Those patients included women like Candy. A 62-year-old volunteer at the Literacy Council in Columbus, OH, Candy was an avid reader but found herself increasingly struggling to see the pages in front of her. Without insurance, she struggled to access care before reaching out to PrimaryOne Health, where she received affordable and considerate care, as well as eyeglasses. Crediting Dr. Graves with improving not only her eyesight but also her quality of life, Candy has returned to her favorite activities—including the printed word—with the health center’s help. Hers is one but of a host of patient success stories at the 19 health centers ACU has supported with its eye health and vision care grants since 2018.

Grant-Funded Health Center Initiatives for Eye Health & Vision Care

The five health centers supported by ACU’s vision grants in 2022 will follow in those footsteps. Predominantly operating in rural and BIPOC communities, these health centers will each aim to start or expand eye health and vision care services for their patients. In California, EDCHC is working to open an optometry center in an area in which the few optometrists which operate often due not accept Medicaid or uninsured patients, leaving vision care out of reach for many. In Arizona, Native Health is utilizing their grant to equip a one-lane exam clinic to reach patients disproportionately at risk for diabetic retinopathy, the majority of whom are Native American and Latinx. Additionally, MHSI will be a pioneer for Montana as the first FQHC to open a vision clinic in the state. Each of the health centers will seek specifically to expand access to care for under-resourced populations.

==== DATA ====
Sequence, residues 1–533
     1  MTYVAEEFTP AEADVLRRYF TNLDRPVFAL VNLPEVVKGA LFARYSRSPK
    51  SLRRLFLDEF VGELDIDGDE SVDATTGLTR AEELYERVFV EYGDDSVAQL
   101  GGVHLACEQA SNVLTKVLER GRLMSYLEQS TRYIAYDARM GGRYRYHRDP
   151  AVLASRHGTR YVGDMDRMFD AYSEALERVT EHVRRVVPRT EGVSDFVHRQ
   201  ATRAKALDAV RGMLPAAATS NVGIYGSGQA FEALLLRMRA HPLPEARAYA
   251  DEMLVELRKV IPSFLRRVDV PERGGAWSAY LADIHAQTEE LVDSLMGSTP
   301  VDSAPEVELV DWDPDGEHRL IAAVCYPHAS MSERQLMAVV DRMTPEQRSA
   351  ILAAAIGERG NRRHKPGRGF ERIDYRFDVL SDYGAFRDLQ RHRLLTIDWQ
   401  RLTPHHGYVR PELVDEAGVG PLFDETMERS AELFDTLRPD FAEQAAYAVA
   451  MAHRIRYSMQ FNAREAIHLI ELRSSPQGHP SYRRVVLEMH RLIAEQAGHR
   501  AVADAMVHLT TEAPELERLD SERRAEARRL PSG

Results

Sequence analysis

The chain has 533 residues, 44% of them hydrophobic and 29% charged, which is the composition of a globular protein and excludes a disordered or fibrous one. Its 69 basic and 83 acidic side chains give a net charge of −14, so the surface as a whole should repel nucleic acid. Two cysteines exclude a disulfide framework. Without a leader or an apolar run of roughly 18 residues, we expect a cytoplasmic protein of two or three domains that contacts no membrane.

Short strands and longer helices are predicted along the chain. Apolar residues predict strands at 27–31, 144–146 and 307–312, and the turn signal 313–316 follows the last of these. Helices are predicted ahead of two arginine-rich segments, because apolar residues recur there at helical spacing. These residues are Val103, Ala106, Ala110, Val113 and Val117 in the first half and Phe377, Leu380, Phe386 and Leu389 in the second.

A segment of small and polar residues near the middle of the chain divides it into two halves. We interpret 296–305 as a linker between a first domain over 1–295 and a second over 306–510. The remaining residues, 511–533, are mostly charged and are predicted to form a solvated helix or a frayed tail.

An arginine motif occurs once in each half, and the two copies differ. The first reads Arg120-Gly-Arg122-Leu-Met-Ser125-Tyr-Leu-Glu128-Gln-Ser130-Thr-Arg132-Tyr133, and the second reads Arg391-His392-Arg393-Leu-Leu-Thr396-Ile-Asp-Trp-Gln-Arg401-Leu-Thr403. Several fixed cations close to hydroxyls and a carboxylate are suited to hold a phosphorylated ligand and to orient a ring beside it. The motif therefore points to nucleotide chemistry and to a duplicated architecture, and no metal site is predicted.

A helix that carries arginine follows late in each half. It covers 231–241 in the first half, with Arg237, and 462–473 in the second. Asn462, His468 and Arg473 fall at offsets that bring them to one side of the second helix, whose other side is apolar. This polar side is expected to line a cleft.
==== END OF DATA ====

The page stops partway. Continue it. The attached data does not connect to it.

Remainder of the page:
A Patient Receives New Glasses at one of ACU’s Mobile Eye Clinics in 2019
A Patient Receives New Glasses at one of ACU’s Mobile Eye Clinics in 2019

“As an optometrist and a member of ACU’s Vision Services Committee, it’s very fulfilling to see the excitement from each health center and to see the vision for the clinics come to fruition. I give thanks and kudos to these clinics for stepping up to address the major public health issue of vision loss,” said Burns.

In partnership with the Centene Corporation, ACU will offer further vision grants to additional health centers, and a call for applications will open later this year. The Eye Health & Vision Care program also offers free technical assistance to any health centers interested in starting or expanding vision services for their own communities, and its educational efforts also included a recent “Eye on Access” webinar series with the National Association of Community Health Centers and Prevent Blindness.

Further Resources

For more resources on best practices for implementing or improving eye health and vision care at health centers—as well as opportunities for free technical assistance—please visit ACU’s Eye Health and Vision Care resources, which features a white paper on integrating vision care into primary care settings for underserved populations, archived webinar on eye health and vision care programs at FQHCs, a vision services readiness assessment, and more. If you need technical assistance or are interested in learning more about ACU’s next round of eye health and vision care grants, please contact Luke Ertle, Program Director.